Tesla And Panasonic Freeze Plans To Extend Gigafactory 1 In Nevada

Tesla and Panasonic are reportedly freezing their plans to expand the capacity of Gigafactory 1 in Nevada, according to Nikkei Asian Review.

It is reported that the companies intended on raising capacity at the world’s largest electric vehicle battery plant by up to 50 per cent in 2020, but current sales of electric vehicles are below expectations and it is thought that investing in a Gigafactory expansion will prove to be too much of a risk.

Last August, Tesla CEO Elon Musk said that the electric car manufacturer could build up to 1 million vehicles in 2020. He soon, however, amended that statement, something that falls in line with the revised Gigafactory plans.

Also Read: Tesla Secures 210-Acre Site For Its Chinese Gigafactory

Lower-than-expected EV sales may also impact Tesla’s production goals at its forthcoming factory in Shanghai, China. According to the Nikkei Asian Review, Panasonic will suspend its planned investment in the Shanghai Gigafactory, and instead only provide technical support and a small number of batteries built at Nevada’s Gigafactory 1.

Tesla and Panasonic have invested $4.5 billion into the Nevada plant since construction of the facility first commenced. The site has been making batteries for the entry-level Model 3 since January 2017, with Panasonic handling the manufacturing of the cells and Tesla combining them into battery packs and placing them in the vehicles it builds in California. The site has a production capacity of 35 gigawatt-hours a year, but this was to be increased to 54 gigawatt-hours a year by 2020 – something that, obviously, won’t happen.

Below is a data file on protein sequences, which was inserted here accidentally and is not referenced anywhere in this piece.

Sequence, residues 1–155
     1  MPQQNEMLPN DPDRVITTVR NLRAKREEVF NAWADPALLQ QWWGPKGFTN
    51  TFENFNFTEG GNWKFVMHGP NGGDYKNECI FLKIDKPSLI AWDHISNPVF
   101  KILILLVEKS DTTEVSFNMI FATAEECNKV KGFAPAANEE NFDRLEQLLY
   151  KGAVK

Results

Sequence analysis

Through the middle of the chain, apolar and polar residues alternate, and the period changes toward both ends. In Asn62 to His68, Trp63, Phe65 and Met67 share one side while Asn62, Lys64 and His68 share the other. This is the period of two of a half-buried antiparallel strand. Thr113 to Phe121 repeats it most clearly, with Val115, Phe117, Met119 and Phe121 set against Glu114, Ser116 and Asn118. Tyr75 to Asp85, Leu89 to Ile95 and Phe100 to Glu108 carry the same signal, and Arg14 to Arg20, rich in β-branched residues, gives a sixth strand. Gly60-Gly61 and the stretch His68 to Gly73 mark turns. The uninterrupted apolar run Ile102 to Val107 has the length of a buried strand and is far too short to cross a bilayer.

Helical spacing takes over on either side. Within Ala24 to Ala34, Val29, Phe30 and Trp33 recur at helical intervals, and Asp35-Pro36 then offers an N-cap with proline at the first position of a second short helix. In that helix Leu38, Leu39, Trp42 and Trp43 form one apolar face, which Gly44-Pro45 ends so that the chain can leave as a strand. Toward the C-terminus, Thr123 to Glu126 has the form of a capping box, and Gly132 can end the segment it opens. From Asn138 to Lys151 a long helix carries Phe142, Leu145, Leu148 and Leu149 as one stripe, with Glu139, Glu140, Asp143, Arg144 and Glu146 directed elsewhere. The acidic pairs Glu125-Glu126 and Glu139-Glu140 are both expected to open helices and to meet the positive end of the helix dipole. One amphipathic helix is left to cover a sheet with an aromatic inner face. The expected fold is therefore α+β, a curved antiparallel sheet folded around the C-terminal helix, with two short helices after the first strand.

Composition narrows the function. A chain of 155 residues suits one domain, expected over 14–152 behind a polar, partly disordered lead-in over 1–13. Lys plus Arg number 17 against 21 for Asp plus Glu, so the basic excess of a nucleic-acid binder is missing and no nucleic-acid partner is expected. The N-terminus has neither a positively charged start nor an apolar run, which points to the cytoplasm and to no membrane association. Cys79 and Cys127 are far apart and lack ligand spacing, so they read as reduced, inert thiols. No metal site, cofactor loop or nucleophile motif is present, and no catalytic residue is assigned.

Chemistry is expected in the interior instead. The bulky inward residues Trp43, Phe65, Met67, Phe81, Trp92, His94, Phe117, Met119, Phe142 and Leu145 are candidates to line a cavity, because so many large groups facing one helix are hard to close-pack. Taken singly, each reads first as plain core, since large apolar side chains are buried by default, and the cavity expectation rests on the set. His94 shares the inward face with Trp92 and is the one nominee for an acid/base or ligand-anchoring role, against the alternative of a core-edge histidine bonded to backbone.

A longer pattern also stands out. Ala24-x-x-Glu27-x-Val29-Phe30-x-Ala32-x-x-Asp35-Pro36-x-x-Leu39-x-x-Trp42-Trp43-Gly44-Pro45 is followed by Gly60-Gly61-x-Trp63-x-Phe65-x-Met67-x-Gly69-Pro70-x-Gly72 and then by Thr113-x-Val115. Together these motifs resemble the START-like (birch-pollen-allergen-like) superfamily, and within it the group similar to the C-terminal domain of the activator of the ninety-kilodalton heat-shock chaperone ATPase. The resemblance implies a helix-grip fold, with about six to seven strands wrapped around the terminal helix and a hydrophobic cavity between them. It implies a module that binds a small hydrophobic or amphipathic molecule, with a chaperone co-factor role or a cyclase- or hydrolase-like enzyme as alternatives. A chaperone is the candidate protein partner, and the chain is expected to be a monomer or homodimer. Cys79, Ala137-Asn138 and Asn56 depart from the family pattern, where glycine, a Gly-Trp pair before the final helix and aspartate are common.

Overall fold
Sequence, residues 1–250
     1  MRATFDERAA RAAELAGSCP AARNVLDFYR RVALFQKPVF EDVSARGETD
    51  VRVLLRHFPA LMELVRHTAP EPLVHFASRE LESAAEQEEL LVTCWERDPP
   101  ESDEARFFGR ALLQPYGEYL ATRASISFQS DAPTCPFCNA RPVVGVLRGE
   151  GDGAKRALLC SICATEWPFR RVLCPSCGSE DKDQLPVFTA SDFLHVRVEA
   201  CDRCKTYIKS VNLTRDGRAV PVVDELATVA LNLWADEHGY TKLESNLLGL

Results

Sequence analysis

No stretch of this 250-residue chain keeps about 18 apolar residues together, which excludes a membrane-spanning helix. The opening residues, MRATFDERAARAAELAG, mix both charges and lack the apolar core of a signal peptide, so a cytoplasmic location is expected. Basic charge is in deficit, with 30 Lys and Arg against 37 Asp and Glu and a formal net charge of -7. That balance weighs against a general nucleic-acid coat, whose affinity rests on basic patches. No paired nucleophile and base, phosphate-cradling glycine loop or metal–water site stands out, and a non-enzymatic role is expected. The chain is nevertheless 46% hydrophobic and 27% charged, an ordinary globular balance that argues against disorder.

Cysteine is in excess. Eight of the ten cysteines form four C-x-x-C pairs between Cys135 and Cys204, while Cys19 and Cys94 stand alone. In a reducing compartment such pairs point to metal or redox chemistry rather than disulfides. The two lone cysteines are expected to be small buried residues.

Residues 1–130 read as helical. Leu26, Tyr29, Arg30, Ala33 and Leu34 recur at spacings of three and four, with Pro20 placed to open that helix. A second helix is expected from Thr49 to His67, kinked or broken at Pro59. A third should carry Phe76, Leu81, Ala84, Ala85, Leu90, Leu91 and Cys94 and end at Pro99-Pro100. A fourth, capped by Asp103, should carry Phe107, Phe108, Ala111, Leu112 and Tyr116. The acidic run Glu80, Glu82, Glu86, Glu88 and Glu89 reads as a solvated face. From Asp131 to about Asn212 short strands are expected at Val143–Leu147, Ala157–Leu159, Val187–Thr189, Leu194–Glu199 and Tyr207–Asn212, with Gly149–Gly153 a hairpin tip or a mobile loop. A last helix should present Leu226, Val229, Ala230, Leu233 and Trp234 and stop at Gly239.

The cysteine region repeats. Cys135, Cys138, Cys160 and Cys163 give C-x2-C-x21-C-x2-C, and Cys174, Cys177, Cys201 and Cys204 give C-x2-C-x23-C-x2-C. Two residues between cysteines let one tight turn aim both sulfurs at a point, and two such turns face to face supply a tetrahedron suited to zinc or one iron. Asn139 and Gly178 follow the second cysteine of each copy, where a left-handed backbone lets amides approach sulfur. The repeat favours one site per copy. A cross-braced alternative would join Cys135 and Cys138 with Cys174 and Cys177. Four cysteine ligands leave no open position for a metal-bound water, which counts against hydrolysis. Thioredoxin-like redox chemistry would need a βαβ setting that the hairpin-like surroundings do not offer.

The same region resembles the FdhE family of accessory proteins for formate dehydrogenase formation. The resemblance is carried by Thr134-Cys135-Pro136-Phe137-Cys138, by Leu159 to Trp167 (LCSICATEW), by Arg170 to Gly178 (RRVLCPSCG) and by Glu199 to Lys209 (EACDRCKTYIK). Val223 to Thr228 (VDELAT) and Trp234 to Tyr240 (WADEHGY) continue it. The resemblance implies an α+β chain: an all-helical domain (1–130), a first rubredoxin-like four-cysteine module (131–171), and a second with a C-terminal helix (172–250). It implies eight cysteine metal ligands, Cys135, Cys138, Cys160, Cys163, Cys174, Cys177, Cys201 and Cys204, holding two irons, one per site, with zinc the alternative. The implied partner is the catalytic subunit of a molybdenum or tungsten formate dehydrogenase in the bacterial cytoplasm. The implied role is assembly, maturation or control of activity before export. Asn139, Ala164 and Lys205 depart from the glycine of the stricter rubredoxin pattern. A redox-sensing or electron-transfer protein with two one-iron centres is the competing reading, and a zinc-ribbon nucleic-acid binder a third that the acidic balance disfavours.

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  • Super Rob

    Not surprising. We are still have some technological battery hurdles to clear before widespread adoption.

    • Jason Clairmonte

      Nonsense. EVs are already all most people need on a daily basis. And by most, I mean 95% of private owners.

      • Super Rob

        LOL. Only if they never plan on leaving their town.

  • man

    Just as well, better not to over extend.

    I do think Tesla’s other market is solar+power wall in homes.

  • lagann

    Still think electric isn’t the way of the future unless batteries can be recycled in its entirety to make new batteries and also they need a breakthrough in technology to make them last way longer and be safe.

    Nobody ever talks about how much pollution dead batteries cause to the environment…

    • Jerry Hightower

      Nor are they talking about the child labor being used in the Congo to mine the cobalt used in the batteries.

      • lagann

        They talk about it so little I didn’t even know. Thanks for the info.

    • Yavor

      Yeah, and people forget how much pollution fossil fuel cars cause not only during production but especially during use.

  • TheBelltower

    This probably has less to do with demand, and more to do with Tesla moving away from Panasonic. Tesla recently bought an “ultracapacitor” company, Maxwell, for over $200M. So depending on how this technology develops, Panasonic may be out of the picture. And the level of investment in conventional lithium batteries may not be necessary.

  • Jason Clairmonte

    I am so sick of the crap i hear about batteries being polluting and child labour in the Congo. The IMMENSE amounts of carbon being put into the environment, the negative effects on respiratory systems, the climate change issues, the inefficiency in the ICE system, the immense and expensive infrastructure required to supply petrol and diesel…. And you’re telling me that EVs wont work until we can recycle a battery? Bull-crap! Utter nonsense. EVs are already far superior an option. It is price that needs to drop and it will with mass-production and time. The reason for the slower adoption is a lack of knowledge, fear, ignorance and a concerted attempt by legacy manufacturers to slow the sea change to EV usage. And it shall not work in the long run.

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